At Keshet we know how important it is to provide diverse resources for families. Last year we worked with author Elisabeth Kushner to create the first Jewish themed picture book featuring an LGBT family, The Purim Superhero. When we heard that S. Bear Bergman, Jewish educator, author, and storyteller, was creating an LGBTQ2S-themed book club, we knew we needed to learn more. Read on to get the scoop on the Flamingo Rampant Book Club, which features picture books for 4-8 year olds. Joining the book club means you’ll receive six books throughout the year. Bear is currently raising funding to support the project.
What was your inspiration for the Flamingo Rampant Book Club?
The truth is I was reading to Stanley, my four-year-old one night before bed. We had some new LGBTQ2S themed picture books, which my husband, who’s an expert on the topic, had ordered. These were out of print or from small publishers. Stanley asked if we could read the new books, and I said “sure, why not?” But every single one of them contained really difficult, extended descriptions of bullying. We read a couple, but eventually he looked at me and said, “I don’t want this anymore. I don’t like these bully stories.”
And all of a sudden I started thinking: “What are we sending our kids to bed with? What are the last images and stories that we’re offering them to carry into their dreams?”
The books we’d just read were fairly horrible–I mean, everything turned out all right in the end. But the descriptions of bullying we’re so substantial, they almost seemed like manuals for taunting, ostracization, and harassment. I’m a writer, and a lecturer; I do a lot of work around questions of gender and sexual orientation and I have for more than two decades. I am fortunate to be married to a guy who, among his many sterling personal qualities, is an expert on creating celebratory and inclusive classrooms for people of all genders and sexual orientations.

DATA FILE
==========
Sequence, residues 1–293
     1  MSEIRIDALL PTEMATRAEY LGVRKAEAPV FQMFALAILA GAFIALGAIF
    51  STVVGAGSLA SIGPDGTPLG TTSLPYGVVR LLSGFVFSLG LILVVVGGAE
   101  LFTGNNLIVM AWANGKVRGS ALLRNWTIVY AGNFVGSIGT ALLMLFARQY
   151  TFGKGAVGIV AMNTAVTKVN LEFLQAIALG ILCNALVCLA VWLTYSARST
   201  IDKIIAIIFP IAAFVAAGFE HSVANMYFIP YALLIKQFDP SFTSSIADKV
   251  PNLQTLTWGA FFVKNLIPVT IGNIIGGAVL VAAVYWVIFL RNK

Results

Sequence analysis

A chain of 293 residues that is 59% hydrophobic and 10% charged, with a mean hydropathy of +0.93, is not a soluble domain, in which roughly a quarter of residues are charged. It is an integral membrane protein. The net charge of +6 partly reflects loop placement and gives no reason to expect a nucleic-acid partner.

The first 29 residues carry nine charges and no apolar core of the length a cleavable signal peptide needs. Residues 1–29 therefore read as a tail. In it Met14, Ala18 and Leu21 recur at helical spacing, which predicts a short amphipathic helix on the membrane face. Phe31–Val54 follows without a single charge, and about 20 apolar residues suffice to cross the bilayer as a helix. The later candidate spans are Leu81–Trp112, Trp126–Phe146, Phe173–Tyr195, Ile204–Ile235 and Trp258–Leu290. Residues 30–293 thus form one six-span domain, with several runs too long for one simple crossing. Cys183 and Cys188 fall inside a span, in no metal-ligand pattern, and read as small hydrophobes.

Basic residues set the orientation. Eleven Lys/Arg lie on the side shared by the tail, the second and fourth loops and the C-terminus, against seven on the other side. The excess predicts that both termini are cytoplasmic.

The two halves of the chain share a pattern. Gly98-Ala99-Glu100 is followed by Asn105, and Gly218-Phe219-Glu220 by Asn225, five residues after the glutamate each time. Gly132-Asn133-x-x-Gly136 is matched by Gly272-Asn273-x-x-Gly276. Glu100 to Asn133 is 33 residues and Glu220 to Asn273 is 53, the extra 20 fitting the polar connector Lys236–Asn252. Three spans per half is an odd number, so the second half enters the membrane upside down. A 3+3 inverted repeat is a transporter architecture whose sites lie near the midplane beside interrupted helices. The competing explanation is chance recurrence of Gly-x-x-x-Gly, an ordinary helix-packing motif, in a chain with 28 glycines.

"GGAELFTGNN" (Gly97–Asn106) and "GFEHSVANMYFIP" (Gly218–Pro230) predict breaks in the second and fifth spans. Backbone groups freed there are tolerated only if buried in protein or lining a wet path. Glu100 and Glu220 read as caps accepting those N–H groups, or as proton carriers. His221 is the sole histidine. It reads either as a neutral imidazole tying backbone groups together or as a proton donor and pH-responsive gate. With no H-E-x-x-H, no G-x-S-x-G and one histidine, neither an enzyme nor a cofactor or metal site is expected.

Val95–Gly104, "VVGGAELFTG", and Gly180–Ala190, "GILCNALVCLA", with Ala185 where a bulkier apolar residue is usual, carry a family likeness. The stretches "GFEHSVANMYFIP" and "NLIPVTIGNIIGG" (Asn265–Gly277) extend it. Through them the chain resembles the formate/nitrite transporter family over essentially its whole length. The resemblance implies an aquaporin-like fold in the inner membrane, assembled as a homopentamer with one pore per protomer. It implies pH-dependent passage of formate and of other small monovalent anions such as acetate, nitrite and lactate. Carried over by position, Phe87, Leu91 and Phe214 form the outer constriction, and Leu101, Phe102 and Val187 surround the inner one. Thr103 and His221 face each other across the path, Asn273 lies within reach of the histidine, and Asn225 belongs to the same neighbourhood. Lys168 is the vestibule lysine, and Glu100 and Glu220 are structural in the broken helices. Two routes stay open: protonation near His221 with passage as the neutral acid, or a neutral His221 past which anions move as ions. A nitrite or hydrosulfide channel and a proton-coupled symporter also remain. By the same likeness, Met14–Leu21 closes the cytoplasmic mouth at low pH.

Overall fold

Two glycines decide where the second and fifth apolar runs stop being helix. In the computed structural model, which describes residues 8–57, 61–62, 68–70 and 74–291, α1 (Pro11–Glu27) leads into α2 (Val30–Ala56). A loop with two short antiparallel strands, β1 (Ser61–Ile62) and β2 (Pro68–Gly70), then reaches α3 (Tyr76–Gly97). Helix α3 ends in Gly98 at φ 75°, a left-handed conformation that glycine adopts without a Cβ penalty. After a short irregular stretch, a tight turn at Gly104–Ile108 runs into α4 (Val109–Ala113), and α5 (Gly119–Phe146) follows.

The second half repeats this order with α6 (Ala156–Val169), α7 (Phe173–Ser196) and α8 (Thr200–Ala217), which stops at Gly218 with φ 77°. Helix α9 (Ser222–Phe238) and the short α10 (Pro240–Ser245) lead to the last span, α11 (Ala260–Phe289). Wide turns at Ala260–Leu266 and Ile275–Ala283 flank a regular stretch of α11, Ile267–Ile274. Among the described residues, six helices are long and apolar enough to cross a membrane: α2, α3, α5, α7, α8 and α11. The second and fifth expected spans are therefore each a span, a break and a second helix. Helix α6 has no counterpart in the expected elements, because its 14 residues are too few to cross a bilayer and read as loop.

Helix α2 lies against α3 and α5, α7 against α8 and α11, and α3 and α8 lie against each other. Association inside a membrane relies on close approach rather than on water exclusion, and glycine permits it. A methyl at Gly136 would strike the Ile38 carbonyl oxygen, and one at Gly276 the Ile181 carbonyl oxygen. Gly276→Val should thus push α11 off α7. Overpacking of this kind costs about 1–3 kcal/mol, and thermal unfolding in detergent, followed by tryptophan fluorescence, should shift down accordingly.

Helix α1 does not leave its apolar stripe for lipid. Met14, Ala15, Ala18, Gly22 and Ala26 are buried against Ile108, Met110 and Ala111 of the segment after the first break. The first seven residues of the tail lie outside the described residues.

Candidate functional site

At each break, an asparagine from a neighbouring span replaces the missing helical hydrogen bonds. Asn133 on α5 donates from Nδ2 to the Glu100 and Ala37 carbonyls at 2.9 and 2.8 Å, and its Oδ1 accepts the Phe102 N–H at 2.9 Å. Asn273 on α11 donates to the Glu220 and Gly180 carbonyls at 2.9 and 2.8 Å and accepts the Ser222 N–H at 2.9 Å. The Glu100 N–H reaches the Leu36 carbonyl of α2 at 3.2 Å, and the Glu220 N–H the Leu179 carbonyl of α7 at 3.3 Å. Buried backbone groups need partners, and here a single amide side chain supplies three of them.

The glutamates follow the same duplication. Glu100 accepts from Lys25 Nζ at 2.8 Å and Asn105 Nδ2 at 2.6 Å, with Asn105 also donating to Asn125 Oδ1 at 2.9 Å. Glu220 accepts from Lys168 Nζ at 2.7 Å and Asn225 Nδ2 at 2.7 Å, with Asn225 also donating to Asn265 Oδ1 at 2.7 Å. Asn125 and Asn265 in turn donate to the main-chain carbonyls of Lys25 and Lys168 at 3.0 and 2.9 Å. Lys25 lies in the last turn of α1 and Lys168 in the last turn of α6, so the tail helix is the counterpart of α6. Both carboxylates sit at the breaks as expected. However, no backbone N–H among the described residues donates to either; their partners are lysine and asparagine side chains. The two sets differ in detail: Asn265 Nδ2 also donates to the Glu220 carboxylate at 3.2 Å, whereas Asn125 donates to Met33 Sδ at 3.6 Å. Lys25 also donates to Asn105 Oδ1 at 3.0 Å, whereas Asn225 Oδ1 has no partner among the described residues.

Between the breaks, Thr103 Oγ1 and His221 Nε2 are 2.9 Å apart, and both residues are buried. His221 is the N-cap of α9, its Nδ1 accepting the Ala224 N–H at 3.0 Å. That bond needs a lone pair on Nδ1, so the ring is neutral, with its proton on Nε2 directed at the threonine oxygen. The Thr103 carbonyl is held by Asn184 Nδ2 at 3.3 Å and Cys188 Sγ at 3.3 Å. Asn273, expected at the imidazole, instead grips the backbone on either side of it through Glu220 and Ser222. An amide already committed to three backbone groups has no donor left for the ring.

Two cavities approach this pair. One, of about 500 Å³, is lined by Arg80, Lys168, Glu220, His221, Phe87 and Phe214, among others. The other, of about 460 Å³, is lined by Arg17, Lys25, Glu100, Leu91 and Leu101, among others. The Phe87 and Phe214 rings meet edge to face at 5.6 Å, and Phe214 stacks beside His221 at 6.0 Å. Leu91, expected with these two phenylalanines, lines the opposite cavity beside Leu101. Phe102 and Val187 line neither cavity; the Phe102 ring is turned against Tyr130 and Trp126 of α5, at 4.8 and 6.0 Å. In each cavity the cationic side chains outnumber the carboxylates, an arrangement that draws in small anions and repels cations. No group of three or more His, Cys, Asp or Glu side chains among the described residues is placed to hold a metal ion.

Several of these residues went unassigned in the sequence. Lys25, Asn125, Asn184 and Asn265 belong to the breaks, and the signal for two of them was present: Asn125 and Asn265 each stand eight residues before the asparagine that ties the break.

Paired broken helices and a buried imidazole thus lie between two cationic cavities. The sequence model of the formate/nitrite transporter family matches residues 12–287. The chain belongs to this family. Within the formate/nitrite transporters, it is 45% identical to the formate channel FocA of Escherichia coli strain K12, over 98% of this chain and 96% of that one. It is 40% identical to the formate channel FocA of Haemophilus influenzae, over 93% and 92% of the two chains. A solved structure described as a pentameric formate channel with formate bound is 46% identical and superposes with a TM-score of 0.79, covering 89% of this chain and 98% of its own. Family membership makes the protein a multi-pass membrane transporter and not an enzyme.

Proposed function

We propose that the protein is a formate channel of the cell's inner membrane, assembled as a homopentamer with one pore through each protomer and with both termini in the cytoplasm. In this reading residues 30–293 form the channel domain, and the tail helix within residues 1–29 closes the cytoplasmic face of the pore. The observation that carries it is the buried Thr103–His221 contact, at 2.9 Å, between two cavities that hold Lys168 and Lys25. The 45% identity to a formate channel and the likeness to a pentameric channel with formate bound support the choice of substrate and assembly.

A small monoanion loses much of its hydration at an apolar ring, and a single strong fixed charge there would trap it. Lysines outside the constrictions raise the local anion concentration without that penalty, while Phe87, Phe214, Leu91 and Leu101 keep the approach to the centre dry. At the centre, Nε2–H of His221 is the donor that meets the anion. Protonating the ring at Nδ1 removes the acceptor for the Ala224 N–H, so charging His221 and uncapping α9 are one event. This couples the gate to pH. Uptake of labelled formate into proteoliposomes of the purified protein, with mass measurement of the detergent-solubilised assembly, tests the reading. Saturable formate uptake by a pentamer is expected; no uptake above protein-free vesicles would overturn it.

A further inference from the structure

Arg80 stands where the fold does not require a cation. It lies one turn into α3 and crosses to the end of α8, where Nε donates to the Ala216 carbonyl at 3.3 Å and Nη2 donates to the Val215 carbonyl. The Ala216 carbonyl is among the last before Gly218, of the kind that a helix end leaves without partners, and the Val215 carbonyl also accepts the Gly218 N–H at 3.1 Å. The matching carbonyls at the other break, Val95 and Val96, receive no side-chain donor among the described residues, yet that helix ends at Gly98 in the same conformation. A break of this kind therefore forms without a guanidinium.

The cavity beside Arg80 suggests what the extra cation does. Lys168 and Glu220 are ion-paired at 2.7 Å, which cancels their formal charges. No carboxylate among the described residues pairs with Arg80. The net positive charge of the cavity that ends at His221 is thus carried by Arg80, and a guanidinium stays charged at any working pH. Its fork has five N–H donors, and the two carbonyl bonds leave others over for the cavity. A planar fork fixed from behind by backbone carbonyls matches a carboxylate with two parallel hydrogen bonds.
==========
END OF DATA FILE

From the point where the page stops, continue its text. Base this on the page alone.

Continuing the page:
The books in the Flamingo Rampant Book Club include full stories of people of color written by people of color. Why was this important for you?
My family, which includes my chosen family, is fairly racially diverse and certainly diverse in terms of genders and sexual orientations. And my artistic community, ditto. We really wanted books that represented the world in which we actually live, and we also wanted to contribute positively to the experiences of families of color–especially LGBTQ2S families of color. At the moment, there are–as far as we know–only three or four books anywhere at all that feature lesbian or gay or bi or trans families that are anything other than white.
The industry average for representations of people of color in children’s books in 7%. To me, that’s a really shameful number. The prevailing wisdom within publishing directly mirrors the inequalities that already exist in our society–girls will read books about boys, but boys won’t read books about girls. Parents will buy books featuring white children or families for their Black, Indigenous, or Of-Color children, but white parents won’t buy books featuring Black, Indigenous, or Of-Color children or families for their white children. The result of all this is that the overwhelmingly majority of picture books center on white children; mostly boys.